FIG. 7 illustrates that the desired shape of a final grit product 210 is dictated by the configuration of the monopoly precursor material, prior to standard HPHT treatment, as shown in FIG. 3a or 3 b. FIG. 3a shows a specific configuration of the monopoly precursor material 140. The chosen configuration may be affected by shaping the polycrystalline powder 130 around seed 110 optionally coated with solvent metal catalyst 120 (compare FIGS. 3a and 3 b), utilizing a physical pressing method, such as can be employed in a pill press, followed by heat treatment under a vacuum in order to achieve a minor solidification of the precursor material.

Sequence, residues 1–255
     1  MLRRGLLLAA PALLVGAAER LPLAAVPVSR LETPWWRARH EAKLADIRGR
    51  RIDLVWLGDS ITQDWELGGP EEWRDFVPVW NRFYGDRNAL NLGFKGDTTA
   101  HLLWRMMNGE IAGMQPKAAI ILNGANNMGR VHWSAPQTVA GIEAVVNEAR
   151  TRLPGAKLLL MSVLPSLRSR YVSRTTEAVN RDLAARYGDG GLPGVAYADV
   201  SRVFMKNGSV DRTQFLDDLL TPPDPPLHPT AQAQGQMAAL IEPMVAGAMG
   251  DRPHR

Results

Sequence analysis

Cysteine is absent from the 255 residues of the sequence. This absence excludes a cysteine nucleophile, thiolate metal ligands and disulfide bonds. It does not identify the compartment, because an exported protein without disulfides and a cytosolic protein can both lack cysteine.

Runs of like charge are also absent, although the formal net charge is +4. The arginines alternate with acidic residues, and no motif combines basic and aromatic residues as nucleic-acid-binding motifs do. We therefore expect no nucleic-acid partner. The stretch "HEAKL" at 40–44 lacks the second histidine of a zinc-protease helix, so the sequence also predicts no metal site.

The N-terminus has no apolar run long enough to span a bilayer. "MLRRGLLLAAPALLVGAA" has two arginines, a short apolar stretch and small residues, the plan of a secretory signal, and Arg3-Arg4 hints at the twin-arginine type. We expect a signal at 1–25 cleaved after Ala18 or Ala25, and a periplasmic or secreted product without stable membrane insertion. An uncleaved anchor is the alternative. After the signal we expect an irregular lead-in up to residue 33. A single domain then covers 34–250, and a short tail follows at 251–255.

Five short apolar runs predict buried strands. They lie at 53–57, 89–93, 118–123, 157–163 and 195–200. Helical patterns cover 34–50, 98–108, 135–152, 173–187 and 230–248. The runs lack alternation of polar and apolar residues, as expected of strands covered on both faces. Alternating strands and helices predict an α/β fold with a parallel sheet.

In this polylayer granulation process, diamond powder is the preferred carbon source which is continuously supplied onto the seed crystal. Diamond powder is preferred over graphite as a carbon source. Although the exact reason for this preference is not fully understood, it is believed that the following benefits of diamond powder provide a basis. Diamond grains, compared to graphite or other carbonaceous material provide a cleaner carbon source and diamond is readily available in micron sized particles. Also, a diamond carbon source is less affected by the pressure exerted during the HPHT process than graphite. As a result, a final monopoly compact grit synthesized from a diamond carbon source will be larger than a grit from a graphite carbon source. Even though the preferred carbon source is diamond powder, the carbon source utilized in connection with the present invention can also include graphite, amorphous carbon, and isotopically pure diamond such as is disclosed in British patent GB2239011. Such diamond consists of isotopically pure carbon-12 or carbon-13.